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13. Juni 2016

Action on screen and on stage with Copeland's Ben Hur

von Philharmonie Luxemburg

We like to think that you come here for the music. Sure, a big name usually draws a bigger crowd but we try not to capitalize on that too much. We know you wouldn't be fooled by an excessive use of name-dropping. But here's one name anyway: Stewart Copeland. As in: The Police.

Fans of The Police are well aware of the contributions the drummer made to the band's discography: their first single «Fall Out», «On Any Other Day», «Does Everyone Stare» or - this time with Sting - «It's Alright for You» and «Re-Humanize Yourself» to name just a few.

But Stewart Copeland grew up with parents listening to classical music like Stravinsky and Debussy and was encouraged to take on drumming early on. «My father raised me to be a big band white jazz drummer,» Copeland explained to the Huffington Post earlier this year. «He raised me to be Buddy Rich; he had me in lessons from the start, which cured me of jazz.» So reducing his musical abilities to what he did with a pop/rock band, however successful, in the 1980s would obviously underestimate the scope of his talent.

Since The Police disbanded in 1987 Copeland has been a profilic composer: from film (Wall Street, Highlander) and TV scores (Dead like me, Babylon 5) to operas (The Tell-Tale Heart and The Cask of Amontillado, both based on Edgar Allan Poe's stories), ballets and video games scores, he has consistently expanded his musical horizon, experimenting with orchestral music along the way. «At first, [I was] just sweetening stuff with big football notes to make it sound like a [film] score,» he says. «Gradually I got the hang of cool stuff that you could do with [strings]. It’s actually a versatile instrument, the orchestra. It has incredible dynamic range, it has enormous range of colors.»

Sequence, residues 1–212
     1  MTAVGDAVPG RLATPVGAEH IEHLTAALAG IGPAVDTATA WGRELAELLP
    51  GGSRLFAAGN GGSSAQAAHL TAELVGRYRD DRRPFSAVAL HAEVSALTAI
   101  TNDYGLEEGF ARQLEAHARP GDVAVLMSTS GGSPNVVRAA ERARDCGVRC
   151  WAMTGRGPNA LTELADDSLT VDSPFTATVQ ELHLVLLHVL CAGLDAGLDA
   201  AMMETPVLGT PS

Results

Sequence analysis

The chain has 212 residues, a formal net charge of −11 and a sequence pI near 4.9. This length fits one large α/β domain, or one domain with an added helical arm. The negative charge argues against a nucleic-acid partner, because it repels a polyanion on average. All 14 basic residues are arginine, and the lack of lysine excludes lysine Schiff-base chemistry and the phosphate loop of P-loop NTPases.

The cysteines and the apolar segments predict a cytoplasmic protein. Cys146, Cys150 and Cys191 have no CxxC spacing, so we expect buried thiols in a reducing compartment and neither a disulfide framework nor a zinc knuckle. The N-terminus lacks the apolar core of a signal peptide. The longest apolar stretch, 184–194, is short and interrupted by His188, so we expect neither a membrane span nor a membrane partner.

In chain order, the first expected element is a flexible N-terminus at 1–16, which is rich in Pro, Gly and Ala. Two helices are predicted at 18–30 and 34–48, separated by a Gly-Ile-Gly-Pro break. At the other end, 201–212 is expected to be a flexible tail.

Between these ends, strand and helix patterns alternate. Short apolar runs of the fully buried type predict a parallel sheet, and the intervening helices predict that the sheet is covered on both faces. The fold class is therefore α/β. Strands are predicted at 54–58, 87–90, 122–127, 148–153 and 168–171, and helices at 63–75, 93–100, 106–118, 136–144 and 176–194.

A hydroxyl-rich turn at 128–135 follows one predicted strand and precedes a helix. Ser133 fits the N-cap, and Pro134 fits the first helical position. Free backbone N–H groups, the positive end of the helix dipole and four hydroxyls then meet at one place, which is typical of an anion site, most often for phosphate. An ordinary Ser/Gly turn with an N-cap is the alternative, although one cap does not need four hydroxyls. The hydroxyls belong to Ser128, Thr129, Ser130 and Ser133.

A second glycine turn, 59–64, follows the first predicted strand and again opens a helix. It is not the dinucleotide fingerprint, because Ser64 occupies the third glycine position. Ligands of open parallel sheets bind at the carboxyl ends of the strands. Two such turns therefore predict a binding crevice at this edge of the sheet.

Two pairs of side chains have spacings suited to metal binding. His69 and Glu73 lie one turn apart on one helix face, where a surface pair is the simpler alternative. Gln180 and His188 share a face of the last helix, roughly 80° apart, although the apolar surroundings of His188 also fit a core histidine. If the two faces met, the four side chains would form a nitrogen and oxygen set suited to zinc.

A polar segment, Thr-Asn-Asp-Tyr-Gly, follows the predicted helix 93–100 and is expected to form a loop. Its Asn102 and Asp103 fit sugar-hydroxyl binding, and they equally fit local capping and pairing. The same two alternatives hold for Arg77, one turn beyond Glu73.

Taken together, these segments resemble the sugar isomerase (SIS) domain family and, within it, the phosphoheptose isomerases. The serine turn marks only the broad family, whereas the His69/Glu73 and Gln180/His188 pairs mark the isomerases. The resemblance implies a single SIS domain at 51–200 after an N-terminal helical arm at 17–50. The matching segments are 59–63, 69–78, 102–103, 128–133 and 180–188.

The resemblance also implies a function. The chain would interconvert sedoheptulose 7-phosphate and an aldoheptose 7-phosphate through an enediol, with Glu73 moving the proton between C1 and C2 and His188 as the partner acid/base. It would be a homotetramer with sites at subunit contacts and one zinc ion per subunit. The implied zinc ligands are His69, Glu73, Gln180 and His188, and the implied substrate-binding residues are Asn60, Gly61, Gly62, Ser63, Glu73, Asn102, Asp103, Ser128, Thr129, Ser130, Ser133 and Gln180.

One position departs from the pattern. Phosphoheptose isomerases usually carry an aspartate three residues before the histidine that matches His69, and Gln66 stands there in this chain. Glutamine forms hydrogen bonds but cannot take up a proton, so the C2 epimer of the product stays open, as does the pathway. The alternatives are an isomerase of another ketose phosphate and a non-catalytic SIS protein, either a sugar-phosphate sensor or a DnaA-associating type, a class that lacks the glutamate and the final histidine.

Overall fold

His work on Niblo's Ben Hur started when he penned a score for a live theatrical representation of the most iconic scenes of the film that premiered at the London O2 Arena in 2009. He then worked on the film itself and the Philharmonie is very proud to host the European premiere of this new and improved score! It will be performed on Thursday June 16 by the Orchestre Philharmonique du Luxembourg conducted by Richard Kaufman. Copeland himself will be there behind the drum set.

The effect Copeland is looking for with his Ben Hur? «I want 90 guys to burn down the building!» If a Los Angeles Times review of a recent performance in Northridge (California) is anything to go by, this is exactly what the audience gets: «A potent combination of the film’s still-fresh action sequences and Copeland’s sweaty, muscular performance couldn’t help but overwhelm.» A look at the video trailer below should finish to convince you. Don't miss out!


-- Julie

Tickets for this one night only show are still available through the Philharmonie's website or ticket office at (+352) 26 32 26 32.